Equal Opportunity Defenders
By Dr Mahjabeen Islam
Toledo , Ohio

 

The Smithsonian’s ant-covered crucifix video is not a matter of censorship, only a commentary on our state of desensitized rudeness.

The Smithsonian Institution in its National Portrait Gallery Hide/Seek exhibit featured a video by artist David Wojnarowicz who died of AIDS in 1992. The video has a segment showing ants crawling on a crucifix and was said to be a commentary on the AIDS epidemic. Parts of the video are pornographic and bloody and the whole left me nauseated, unable to connect the parts, primarily the claimed connection to AIDS. 

The video was screened for a day as it was heavily criticized by the Catholic League’s Bill Donohue and House Speaker-in waiting Rep. John Boehner (OH) and House Majority Whip-to be Rep. Eric Cantor (VA). And now the Smithsonian is being soaked in criticism for bowing under the pressure of censorship.

The Smithsonian’s facilities are federally funded but the exhibits are supported by various private foundations. Bill Donohue’s statement that “our tax dollars cannot be used to promote religion and they should not be used to assault religion either” is well taken.  Donohue and others also said that the fear of Muslims and Jews prevents a similar depiction of Muhammad or Moses.

The veneration accorded the Torah by the Jews is similar to the respect with which Muslims treat the Qur’an, taking the verse “which none shall touch but those who are clean” (Qur’an 56:79) very seriously. Believing in all the revealed books including the Torah and the Bible, a Muslim household will have them in a high place on a bookshelf.

Muslims must believe in the unity of God, all the prophets, all the revealed books, angels, the Day of Judgment and fate and predestination. In the hierarchy of love and respect come God (Allah), Muhammad and then parents. Desecration of Muhammad hits at the core of Muslims, true. But Muslims adore Moses and Jesus and many precepts of Islam are illustrated by their lives in the Qur’an.

The Satanic Verses and the Danish cartoons caused an uproar and death threats to the authors. While the agony and protest are justified, the Qur’an and Hadith (sayings of Muhammad) do not condone violence. Muslims must vociferously protest the desecration of all religious figures, especially our beloved Christ.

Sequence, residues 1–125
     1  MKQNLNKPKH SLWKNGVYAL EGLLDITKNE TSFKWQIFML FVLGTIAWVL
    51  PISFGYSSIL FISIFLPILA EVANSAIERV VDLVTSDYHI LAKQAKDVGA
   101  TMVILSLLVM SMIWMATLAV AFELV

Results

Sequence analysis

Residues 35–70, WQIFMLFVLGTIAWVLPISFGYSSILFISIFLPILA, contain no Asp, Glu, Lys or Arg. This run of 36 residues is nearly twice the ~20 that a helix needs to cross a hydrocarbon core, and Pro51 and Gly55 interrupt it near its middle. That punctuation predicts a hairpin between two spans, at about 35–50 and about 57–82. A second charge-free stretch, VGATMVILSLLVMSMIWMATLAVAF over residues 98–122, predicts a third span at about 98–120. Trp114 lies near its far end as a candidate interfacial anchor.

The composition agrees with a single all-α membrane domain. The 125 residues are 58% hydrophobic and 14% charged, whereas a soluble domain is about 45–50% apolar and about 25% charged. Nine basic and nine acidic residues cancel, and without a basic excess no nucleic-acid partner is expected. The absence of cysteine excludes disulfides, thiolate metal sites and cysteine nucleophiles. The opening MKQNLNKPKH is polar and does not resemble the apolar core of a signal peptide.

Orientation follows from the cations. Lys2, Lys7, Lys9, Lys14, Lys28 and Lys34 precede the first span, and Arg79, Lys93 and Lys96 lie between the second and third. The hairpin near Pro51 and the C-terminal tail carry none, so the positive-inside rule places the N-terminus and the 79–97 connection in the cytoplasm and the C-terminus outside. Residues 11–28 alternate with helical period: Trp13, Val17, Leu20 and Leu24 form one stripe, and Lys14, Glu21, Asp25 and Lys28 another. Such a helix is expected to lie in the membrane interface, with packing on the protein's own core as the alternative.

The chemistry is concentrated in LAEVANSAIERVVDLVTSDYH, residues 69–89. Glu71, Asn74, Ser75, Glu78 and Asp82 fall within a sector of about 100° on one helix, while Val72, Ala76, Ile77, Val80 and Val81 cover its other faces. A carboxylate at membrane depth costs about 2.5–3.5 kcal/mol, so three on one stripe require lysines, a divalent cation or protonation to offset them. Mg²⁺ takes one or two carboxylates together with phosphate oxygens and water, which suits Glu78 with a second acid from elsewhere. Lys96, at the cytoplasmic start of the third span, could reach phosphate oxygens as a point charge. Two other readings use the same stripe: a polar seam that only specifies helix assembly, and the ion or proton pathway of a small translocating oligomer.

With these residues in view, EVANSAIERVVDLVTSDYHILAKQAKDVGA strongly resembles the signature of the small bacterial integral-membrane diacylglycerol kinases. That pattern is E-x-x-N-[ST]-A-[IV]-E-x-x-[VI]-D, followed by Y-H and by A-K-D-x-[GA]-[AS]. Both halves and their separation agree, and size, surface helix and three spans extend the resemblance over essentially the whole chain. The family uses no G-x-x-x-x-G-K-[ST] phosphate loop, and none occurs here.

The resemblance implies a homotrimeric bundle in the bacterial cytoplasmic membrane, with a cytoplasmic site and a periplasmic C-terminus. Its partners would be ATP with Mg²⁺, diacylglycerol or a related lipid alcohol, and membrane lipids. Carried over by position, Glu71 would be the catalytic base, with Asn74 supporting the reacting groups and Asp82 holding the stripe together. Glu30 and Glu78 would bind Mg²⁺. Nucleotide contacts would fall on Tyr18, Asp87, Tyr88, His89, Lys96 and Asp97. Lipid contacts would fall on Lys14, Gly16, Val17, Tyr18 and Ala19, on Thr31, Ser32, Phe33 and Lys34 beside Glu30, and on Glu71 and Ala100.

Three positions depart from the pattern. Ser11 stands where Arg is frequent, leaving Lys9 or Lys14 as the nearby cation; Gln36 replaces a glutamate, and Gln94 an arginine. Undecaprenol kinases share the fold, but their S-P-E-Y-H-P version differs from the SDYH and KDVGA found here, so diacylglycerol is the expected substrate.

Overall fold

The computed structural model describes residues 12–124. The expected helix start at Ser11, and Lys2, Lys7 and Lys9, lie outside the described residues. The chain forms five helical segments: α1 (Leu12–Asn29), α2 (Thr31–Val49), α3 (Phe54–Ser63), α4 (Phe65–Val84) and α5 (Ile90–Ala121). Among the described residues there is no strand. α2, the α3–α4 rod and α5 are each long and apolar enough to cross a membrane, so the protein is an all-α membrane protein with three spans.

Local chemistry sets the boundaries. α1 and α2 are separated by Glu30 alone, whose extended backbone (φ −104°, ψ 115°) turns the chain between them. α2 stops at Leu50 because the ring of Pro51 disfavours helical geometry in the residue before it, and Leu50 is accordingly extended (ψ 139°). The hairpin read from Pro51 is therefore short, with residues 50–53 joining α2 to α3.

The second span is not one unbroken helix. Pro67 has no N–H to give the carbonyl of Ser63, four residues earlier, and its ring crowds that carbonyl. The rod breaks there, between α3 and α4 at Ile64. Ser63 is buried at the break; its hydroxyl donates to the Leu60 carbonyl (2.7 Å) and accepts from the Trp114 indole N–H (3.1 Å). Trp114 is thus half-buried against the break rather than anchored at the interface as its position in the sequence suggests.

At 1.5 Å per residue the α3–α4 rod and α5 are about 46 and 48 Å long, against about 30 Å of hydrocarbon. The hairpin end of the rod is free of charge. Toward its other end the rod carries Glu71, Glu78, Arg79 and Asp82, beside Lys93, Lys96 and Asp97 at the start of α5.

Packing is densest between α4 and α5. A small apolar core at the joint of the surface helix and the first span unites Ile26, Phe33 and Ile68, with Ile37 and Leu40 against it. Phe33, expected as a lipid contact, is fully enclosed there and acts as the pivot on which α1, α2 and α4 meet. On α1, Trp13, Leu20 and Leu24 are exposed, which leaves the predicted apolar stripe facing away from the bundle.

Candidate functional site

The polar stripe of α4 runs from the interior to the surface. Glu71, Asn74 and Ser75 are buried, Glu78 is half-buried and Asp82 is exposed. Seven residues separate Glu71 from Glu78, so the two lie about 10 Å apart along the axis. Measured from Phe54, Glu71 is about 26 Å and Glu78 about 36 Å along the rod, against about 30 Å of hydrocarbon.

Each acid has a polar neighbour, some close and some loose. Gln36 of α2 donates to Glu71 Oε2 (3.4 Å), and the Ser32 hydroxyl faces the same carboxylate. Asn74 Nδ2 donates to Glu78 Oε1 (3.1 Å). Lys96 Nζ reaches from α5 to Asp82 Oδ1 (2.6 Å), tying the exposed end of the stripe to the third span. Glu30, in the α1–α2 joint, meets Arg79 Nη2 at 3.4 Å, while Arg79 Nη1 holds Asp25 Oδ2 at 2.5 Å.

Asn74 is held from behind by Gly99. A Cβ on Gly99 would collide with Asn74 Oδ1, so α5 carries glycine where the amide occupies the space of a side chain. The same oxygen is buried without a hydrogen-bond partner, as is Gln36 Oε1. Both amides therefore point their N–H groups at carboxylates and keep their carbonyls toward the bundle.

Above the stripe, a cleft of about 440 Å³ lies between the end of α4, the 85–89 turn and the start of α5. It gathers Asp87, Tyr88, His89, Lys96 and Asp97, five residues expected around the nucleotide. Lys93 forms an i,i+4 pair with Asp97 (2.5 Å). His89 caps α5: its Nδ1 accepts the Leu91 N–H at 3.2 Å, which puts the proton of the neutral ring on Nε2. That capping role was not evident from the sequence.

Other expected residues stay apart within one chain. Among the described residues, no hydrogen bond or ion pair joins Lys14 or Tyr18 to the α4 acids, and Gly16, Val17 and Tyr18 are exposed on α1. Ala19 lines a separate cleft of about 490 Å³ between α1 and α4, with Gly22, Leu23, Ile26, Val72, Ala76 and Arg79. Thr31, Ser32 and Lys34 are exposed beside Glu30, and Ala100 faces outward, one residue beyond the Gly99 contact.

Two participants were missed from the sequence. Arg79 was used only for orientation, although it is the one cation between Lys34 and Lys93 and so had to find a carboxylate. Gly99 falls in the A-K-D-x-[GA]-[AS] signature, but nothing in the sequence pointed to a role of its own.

I remember that image and it seems to be etched in my mind always causing me a gnawing pain. I was doing a Pap on a young woman and as I examined her abdomen I saw a crucifix tattooed on her groin. I lost my composure internally, for more than a few moments, as I hastily weighed my options. My face professionally impassive, I continued my exam as though I had seen nothing. My brain seemed to have walked out on me and my heart  felt stomped on and insistent on answers that I could not provide or ask for. The patient went on her merry way and I remain distressed.

Recently with a bunch of Christmas cards and address labels from the many organizations that now send you unsolicited stationery, came a crucifix locket on a chain.  Respect for religious symbols is so much a part of the Muslim genome that I could not bear to throw it away; I gave it to someone who’d wear it.

Muslims are perpetually blamed for not condemning enough and not doing enough; what Pakistanis lovingly call the “do more” push by the West. A dispassionate examination of ignored journalism will show that hate speech against non-Muslim figures is protested by individual Muslims and Muslim organizations.

The burning of churches and the mistreatment of minorities in Muslim countries is a highly condemnable act and in stark contrast to the fact that Umar ibn Al-Khattab, the second caliph of Islam, was invited to pray in a church in Jerusalem in 637, but chose not to so that it would not be used as an excuse to take a church over by future Muslims.

My un-artsy eye cannot see the celebrated flair in the ant-covered crucifix video, all I see is sick sensationalism. Are we going to sacrifice all-respect, values, basic decency-over that high and holy god called freedom of speech?

(Mahjabeen Islam is a family physician, addictionist and columnist. mahjabeen.islam@gmail.com)

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Editor: Akhtar M. Faruqui
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